Why general AI and man must work together

There may be justified concerns about algorithmic biases, how the associated technologies might develop and AI displacing human jobs. But it is critical for business leaders to understand what AI can achieve and it’s certainly not for every organisation.

“If you don’t understand what you are trying to solve first, you are carrying a hammer looking for a nail and AI is going to be of no real use,” says Nick Wise, chief executive of OceanMind, a not-for-profit organisation using AI to protect the world’s fisheries.

For now, the realm of sentient computers seems a long way off. And if we humans are prudent, if or perhaps when general AI becomes a reality, man and machine will augment one another. As Brown concludes: “The future belongs to the cyborg: humans working hand in glove with AI, rather than the android alone.”

This article was originally published in Raconteur’s AI for Business report in April 2020

Hackers smell blood as crisis exposes cyber vulnerabilities

Less than two years ago, in June 2018, when Ticketmaster UK revealed cybercriminals had stolen data from up to 5 per cent of its global customer base via a supplier, it set alarm bells ringing.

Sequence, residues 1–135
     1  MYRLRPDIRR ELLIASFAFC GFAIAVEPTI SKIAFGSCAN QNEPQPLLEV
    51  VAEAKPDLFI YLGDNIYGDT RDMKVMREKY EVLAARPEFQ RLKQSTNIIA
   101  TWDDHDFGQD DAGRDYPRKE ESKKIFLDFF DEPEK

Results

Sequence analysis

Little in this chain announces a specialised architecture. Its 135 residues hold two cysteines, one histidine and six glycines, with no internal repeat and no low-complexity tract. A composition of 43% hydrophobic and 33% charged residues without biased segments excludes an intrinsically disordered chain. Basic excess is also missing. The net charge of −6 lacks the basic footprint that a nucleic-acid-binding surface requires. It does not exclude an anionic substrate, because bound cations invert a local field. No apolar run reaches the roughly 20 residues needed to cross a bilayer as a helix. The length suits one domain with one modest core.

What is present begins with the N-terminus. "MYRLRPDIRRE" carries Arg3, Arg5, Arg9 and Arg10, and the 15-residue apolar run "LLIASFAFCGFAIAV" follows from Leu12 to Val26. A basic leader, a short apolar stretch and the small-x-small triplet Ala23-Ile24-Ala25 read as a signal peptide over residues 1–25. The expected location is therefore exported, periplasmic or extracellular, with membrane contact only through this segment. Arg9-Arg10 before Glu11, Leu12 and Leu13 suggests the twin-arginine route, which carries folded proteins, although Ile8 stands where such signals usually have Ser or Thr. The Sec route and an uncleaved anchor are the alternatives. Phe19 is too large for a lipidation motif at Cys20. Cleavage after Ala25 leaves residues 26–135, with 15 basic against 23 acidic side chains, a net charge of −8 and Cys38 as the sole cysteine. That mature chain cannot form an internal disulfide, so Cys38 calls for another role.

The following month, a CrowdStrike report laid bare how ill-prepared organisations all around the globe were against hackers seeking to exploit third-party cybersecurity weaknesses. Two thirds of the 1,300 respondents said they had experienced a software supply chain attack. Almost 90 per cent believed that they were at risk via a third party. Yet, approximately the same number aadmitted they didn’t deem vetting suppliers a critical necessity.

Given Symantec’s latest Internet Security Threat Report, launched early last year, highlighted that supply chain attacks had increased by 78 per cent in 2018, one hopes organisations heeded the warning signs and shored up their third-party cybersecurity policies well before COVID-19 hit businesses.